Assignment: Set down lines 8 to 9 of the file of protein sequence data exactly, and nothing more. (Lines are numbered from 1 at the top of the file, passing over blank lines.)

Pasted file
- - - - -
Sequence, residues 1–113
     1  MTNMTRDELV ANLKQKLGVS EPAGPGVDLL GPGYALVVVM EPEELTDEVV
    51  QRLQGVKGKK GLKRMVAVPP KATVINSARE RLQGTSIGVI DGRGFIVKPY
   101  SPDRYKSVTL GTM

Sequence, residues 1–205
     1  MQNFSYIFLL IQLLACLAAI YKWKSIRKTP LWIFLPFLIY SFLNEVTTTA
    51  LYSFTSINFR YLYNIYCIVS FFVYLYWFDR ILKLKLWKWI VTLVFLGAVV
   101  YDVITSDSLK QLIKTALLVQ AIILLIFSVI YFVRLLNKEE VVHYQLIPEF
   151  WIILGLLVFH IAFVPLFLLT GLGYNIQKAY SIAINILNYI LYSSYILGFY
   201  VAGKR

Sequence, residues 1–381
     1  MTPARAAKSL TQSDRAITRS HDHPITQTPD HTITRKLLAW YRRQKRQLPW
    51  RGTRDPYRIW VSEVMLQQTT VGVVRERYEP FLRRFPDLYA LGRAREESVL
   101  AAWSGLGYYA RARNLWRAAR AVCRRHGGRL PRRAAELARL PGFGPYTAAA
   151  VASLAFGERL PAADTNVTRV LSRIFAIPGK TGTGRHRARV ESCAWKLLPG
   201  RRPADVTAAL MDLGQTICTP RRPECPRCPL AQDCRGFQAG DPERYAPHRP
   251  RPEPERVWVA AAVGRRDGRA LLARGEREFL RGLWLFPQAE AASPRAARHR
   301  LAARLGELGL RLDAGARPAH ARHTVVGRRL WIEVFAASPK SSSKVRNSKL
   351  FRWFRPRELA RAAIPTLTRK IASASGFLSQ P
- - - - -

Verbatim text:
   101  YDVITSDSLK QLIKTALLVQ AIILLIFSVI YFVRLLNKEE VVHYQLIPEF
   151  WIILGLLVFH IAFVPLFLLT GLGYNIQKAY SIAINILNYI LYSSYILGFY